University of Calgary. "Nitrogen fertilizer remains in soils, leaks towards groundwater for decades." ScienceDaily. www.sciencedaily.com/releases/2013/10/131021211720.htm (accessed October 22, 2014).

Share This



More Plants & Animals News

Wednesday, October 22, 2014

Featured Research

from universities, journals, and other organizations


Featured Videos

from AP, Reuters, AFP, and other news services

Working Mother DIY: Pumpkin Pom-Pom

Working Mother DIY: Pumpkin Pom-Pom

Working Mother (Oct. 22, 2014) — How to make a pumpkin pom-pom. Video provided by Working Mother
Powered by NewsLook.com
San Diego Zoo's White Rhinos Provide Hope for the Critically Endangered Species

San Diego Zoo's White Rhinos Provide Hope for the Critically Endangered Species

Reuters - Light News Video Online (Oct. 22, 2014) — The pair of rare white northern rhinos bring hope for their species as only six remain in the world. Elly Park reports. Video provided by Reuters
Powered by NewsLook.com
Raw: Bear Cub Strolls Through Oregon Drug Store

Raw: Bear Cub Strolls Through Oregon Drug Store

AP (Oct. 22, 2014) — Shoppers at an Oregon drug store were surprised by a bear cub scurrying down the aisles this past weekend. (Oct. 22) Video provided by AP
Powered by NewsLook.com
Family Pleads for Pet Pig to Stay at Home

Family Pleads for Pet Pig to Stay at Home

AP (Oct. 22, 2014) — The Johnson family lost their battle with the Chesterfield County, Virginia Planning Commission to allow Tucker, their pet pig, to stay in their home, but refuse to let the board keep Tucker away. (Oct. 22) Video provided by AP
Powered by NewsLook.com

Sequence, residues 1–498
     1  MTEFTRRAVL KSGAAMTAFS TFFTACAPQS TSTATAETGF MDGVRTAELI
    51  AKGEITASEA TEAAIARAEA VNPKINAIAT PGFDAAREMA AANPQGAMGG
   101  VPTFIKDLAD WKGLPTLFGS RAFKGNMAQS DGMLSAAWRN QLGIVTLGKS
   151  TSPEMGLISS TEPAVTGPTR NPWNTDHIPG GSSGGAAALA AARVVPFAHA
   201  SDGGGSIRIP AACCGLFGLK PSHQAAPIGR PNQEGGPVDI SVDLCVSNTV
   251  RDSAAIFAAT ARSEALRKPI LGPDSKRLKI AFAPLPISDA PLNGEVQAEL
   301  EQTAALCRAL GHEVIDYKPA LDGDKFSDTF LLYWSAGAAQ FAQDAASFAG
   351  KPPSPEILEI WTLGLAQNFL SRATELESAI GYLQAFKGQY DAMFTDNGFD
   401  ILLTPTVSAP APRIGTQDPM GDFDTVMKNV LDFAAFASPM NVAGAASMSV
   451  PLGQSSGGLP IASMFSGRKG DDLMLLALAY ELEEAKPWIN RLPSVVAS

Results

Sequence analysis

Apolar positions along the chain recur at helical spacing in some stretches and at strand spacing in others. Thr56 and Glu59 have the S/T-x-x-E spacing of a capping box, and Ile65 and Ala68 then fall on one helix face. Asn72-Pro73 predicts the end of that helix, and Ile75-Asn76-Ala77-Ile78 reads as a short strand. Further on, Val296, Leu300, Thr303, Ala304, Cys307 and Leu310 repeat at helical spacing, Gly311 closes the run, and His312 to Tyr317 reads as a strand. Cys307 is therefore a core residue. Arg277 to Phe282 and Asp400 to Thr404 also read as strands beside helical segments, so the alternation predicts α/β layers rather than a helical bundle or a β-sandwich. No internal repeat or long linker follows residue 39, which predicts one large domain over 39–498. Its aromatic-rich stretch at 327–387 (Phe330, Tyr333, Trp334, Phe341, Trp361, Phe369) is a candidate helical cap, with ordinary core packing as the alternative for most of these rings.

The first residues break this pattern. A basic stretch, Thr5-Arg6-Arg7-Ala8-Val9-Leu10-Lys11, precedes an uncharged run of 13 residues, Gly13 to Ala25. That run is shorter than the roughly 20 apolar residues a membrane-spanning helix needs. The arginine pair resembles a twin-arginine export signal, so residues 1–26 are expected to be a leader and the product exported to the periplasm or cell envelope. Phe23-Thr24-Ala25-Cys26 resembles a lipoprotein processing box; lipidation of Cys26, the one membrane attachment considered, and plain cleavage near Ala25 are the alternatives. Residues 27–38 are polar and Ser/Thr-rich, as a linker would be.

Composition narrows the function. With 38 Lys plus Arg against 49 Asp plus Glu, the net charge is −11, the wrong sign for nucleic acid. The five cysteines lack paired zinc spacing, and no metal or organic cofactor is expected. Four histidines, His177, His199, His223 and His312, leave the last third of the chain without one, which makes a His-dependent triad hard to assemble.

Search ScienceDaily

Number of stories in archives: 140,361

Find with keyword(s):
 
Enter a keyword or phrase to search ScienceDaily for related topics and research stories.

Save/Print:
Share:  

Breaking News:

Strange & Offbeat Stories

 

Plants & Animals

Earth & Climate

Fossils & Ruins

In Other News

... from NewsDaily.com

Science News

Health News

Environment News

Technology News



Save/Print:
Share:  

Free Subscriptions


Get the latest science news with ScienceDaily's free email newsletters, updated daily and weekly. Or view hourly updated newsfeeds in your RSS reader:

Get Social & Mobile


Keep up to date with the latest news from ScienceDaily via social networks and mobile apps:

Have Feedback?


Tell us what you think of ScienceDaily -- we welcome both positive and negative comments. Have any problems using the site? Questions?
Mobile iPhone Android Web
Follow Facebook Twitter Google+
Subscribe RSS Feeds Email Newsletters
Latest Headlines Health & Medicine Mind & Brain Space & Time Matter & Energy Computers & Math Plants & Animals Earth & Climate Fossils & Ruins